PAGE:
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Viral Meningitis Notice

September 30, 2013

CSHM Parents and Guardians,

A child attending our school has been diagnosed with viral meningitis.  This illness is typically caused by one of several viruses that are very common during the summer and fall months. 

Viral meningitis is a serious but rarely fatal illness in persons with normal immune systems.  It produces inflammation of the tissues that cover the brain and spinal cord.  Usually, the symptoms last from 7 to 10 days and the person recovers completely. Symptoms include fever, severe headache, stiff neck, bright lights hurting the eyes, drowsiness or confusion, and nausea and vomiting. Infants with this illness may have fever, irritability, difficulty waking, or may refuse to eat.  There is no specific treatment for viral meningitis.  Most patients recover completely on their own, and doctors often will recommend bed rest, plenty of fluids, and medicine to relieve fever and headache.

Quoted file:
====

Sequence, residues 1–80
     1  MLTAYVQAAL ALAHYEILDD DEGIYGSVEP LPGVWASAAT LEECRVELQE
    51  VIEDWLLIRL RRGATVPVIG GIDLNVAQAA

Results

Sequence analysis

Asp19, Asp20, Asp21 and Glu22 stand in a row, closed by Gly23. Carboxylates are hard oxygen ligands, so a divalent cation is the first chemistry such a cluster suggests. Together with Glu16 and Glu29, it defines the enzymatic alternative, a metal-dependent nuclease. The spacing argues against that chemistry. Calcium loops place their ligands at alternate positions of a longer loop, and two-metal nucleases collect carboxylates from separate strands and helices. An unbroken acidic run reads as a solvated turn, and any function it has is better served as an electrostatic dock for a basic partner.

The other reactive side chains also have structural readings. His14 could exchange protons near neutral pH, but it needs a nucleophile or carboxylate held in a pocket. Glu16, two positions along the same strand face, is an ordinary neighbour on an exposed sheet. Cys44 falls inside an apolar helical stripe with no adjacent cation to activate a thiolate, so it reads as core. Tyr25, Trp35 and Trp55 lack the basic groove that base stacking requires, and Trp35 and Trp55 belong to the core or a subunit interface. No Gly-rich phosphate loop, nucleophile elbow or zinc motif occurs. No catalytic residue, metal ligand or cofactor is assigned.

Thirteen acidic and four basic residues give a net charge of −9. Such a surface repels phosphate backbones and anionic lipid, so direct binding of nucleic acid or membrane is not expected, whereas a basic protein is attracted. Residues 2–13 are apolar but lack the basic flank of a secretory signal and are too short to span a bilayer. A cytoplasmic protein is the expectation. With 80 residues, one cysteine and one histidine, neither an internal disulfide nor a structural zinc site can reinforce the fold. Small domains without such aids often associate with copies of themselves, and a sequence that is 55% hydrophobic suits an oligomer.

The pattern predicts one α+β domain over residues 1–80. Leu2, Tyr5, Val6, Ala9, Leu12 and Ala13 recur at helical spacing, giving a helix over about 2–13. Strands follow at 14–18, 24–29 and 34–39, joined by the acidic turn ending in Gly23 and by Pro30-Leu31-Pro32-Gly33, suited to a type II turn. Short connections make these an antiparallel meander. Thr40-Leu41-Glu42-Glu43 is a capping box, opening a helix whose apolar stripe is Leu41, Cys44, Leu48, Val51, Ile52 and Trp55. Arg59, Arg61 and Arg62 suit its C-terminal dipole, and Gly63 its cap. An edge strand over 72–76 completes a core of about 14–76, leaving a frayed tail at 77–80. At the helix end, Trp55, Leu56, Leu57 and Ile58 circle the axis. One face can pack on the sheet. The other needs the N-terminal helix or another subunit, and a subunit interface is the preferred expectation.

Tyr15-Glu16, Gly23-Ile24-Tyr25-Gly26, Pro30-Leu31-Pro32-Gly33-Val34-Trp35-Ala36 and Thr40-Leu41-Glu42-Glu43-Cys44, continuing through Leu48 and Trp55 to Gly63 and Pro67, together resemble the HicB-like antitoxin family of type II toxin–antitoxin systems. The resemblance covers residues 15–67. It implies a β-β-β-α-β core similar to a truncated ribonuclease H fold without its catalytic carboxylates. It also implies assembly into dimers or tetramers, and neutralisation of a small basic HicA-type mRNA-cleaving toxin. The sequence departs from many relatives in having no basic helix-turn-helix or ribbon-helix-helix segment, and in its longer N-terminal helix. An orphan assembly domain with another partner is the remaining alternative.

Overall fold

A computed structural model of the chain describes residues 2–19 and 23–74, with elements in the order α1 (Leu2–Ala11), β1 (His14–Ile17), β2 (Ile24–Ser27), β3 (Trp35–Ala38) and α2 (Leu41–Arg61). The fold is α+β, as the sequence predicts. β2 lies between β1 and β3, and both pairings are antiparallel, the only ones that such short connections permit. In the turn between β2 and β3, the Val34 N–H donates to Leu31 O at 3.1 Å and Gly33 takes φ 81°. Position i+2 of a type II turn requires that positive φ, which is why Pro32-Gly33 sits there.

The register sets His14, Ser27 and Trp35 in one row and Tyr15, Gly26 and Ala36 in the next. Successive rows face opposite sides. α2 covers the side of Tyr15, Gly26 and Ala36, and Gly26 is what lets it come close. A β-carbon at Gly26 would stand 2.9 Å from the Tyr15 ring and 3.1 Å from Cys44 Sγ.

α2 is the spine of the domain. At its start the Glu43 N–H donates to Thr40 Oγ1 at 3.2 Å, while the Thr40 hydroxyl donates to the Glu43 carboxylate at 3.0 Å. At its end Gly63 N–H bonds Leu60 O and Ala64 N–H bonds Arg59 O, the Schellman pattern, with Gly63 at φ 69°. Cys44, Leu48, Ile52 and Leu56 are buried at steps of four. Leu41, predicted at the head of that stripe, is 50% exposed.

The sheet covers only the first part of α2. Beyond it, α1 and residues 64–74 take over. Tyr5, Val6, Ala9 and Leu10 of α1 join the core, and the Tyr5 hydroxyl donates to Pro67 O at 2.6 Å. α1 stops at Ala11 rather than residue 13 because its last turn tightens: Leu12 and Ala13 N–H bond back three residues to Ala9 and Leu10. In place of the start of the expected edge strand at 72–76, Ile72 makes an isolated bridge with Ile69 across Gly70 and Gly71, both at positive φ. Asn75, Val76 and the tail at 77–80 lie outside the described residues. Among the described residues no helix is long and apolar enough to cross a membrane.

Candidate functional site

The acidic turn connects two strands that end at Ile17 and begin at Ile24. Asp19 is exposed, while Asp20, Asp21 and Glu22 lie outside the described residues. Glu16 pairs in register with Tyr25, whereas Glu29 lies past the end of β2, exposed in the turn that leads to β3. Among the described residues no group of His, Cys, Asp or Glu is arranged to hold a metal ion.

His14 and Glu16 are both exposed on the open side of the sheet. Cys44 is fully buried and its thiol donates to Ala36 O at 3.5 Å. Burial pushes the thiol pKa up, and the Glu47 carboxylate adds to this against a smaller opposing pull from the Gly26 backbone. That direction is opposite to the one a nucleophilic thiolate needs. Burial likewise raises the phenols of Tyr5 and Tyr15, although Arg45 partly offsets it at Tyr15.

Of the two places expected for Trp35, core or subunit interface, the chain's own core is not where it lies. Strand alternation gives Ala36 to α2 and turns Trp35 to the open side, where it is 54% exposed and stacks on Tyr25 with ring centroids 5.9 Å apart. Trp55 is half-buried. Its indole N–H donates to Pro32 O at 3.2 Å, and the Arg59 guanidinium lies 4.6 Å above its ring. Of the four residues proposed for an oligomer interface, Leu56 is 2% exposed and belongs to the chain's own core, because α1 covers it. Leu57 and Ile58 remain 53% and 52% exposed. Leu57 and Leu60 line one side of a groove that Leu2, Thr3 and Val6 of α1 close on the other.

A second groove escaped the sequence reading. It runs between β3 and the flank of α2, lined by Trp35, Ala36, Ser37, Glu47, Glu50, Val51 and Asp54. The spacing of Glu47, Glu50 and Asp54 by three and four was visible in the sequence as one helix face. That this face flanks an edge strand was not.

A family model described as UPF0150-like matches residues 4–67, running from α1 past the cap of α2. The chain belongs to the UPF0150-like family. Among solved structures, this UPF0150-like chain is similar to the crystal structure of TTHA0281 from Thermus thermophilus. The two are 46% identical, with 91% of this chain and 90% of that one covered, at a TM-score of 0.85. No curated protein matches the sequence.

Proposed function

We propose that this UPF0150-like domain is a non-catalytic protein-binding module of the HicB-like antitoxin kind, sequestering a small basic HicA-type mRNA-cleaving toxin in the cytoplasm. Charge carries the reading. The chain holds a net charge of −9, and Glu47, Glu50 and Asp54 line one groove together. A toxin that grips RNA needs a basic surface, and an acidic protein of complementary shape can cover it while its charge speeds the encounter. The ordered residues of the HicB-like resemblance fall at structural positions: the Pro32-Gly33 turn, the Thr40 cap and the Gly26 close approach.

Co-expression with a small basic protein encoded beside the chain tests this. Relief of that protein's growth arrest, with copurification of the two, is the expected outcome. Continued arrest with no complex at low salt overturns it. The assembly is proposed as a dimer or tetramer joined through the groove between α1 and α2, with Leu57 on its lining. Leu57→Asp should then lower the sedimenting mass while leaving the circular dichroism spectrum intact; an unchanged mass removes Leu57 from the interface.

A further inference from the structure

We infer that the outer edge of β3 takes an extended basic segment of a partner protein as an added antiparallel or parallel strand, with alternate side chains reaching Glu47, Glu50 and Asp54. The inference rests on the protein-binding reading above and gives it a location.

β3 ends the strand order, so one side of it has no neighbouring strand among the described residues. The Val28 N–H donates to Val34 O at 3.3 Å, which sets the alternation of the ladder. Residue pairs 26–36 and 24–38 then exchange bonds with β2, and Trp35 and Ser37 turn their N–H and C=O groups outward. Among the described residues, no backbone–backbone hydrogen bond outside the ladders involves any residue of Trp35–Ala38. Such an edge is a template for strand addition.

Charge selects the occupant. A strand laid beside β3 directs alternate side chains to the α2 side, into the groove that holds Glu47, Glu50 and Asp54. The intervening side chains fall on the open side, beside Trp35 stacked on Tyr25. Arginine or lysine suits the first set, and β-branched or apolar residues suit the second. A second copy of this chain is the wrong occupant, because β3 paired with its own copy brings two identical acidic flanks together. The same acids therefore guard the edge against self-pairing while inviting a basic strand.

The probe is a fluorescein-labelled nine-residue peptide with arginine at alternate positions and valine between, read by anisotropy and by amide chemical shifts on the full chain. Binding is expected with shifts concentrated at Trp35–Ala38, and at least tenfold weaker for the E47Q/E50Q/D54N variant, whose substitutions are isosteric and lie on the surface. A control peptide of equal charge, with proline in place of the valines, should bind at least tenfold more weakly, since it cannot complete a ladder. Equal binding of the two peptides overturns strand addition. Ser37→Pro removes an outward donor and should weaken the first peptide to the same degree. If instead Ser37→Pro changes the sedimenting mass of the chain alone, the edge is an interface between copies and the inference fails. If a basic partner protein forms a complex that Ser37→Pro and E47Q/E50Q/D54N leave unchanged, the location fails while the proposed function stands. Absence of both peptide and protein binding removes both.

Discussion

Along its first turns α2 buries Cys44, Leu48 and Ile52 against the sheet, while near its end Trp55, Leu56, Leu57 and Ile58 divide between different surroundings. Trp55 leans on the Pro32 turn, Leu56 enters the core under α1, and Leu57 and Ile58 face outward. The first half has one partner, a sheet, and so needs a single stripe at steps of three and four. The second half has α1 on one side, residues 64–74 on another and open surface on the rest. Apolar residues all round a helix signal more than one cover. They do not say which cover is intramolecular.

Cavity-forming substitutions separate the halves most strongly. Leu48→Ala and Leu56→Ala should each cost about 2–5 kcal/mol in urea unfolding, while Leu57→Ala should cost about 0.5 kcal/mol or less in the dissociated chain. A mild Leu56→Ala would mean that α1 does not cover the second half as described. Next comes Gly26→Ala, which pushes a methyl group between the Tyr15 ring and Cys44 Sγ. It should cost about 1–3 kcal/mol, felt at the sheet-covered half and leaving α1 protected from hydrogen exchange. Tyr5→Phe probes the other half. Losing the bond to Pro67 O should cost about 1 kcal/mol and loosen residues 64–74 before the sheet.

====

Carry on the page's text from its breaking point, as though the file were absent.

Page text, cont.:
The viruses that typically cause viral meningitis are spread through direct contact with nose or throat secretions (mucus or saliva) of infected persons, or by contact with contaminated surfaces or objects such as a drinking glass or telephone.  Adults may also become infected by contamination of the hands with stool from an infected infant or toddler during diaper changes.    

It usually takes between 3 and 6 days from the time you are exposed to an infected person until you develop symptoms.  Most infected  persons will either have no symptoms or develop only a “cold” like illness or rash with low-grade fever.  Only a very small fraction of infected persons actually develop meningitis.

The most effective way to prevent infection is to wash your hands thoroughly and often.  Handwashing is very important for children, especially after using the bathroom.  Also, avoid sharing eating utensils or drinking from the same cup as someone who is sick. 

If your child or anyone in your household develops symptoms of this illness, please contact your doctor and mention this letter.   For further information, please call the Center for Disease Control, or visit their website at  This letter is being sent home with all students in attendance at the end of this school day and will be posted on our website.


Robert Fraley
Vice-Principal, CSHM High School
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